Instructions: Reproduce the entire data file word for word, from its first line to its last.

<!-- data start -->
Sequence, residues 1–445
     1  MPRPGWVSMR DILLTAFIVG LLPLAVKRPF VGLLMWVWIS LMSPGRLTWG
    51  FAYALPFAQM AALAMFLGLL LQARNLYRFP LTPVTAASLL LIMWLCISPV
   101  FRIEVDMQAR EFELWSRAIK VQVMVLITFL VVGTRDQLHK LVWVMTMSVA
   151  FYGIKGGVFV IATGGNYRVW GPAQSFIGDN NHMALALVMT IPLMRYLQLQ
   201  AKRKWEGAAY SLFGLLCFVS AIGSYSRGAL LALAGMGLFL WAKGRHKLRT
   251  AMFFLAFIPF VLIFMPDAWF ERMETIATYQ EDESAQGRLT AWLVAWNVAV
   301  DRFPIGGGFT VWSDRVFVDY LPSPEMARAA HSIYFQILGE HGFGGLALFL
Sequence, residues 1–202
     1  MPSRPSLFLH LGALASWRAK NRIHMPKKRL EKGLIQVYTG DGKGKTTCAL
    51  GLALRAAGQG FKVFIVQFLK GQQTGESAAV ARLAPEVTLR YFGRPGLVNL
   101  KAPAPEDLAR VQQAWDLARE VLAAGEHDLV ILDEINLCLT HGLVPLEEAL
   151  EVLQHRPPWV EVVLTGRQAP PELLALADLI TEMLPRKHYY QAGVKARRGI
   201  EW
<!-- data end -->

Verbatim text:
Sequence, residues 1–445
     1  MPRPGWVSMR DILLTAFIVG LLPLAVKRPF VGLLMWVWIS LMSPGRLTWG
    51  FAYALPFAQM AALAMFLGLL LQARNLYRFP LTPVTAASLL LIMWLCISPV
   101  FRIEVDMQAR EFELWSRAIK VQVMVLITFL VVGTRDQLHK LVWVMTMSVA
   151  FYGIKGGVFV IATGGNYRVW GPAQSFIGDN NHMALALVMT IPLMRYLQLQ
   201  AKRKWEGAAY SLFGLLCFVS AIGSYSRGAL LALAGMGLFL WAKGRHKLRT
   251  AMFFLAFIPF VLIFMPDAWF ERMETIATYQ EDESAQGRLT AWLVAWNVAV
   301  DRFPIGGGFT VWSDRVFVDY LPSPEMARAA HSIYFQILGE HGFGGLALFL
Sequence, residues 1–202
     1  MPSRPSLFLH LGALASWRAK NRIHMPKKRL EKGLIQVYTG DGKGKTTCAL
    51  GLALRAAGQG FKVFIVQFLK GQQTGESAAV ARLAPEVTLR YFGRPGLVNL
   101  KAPAPEDLAR VQQAWDLARE VLAAGEHDLV ILDEINLCLT HGLVPLEEAL
   151  EVLQHRPPWV EVVLTGRQAP PELLALADLI TEMLPRKHYY QAGVKARRGI
   201  EW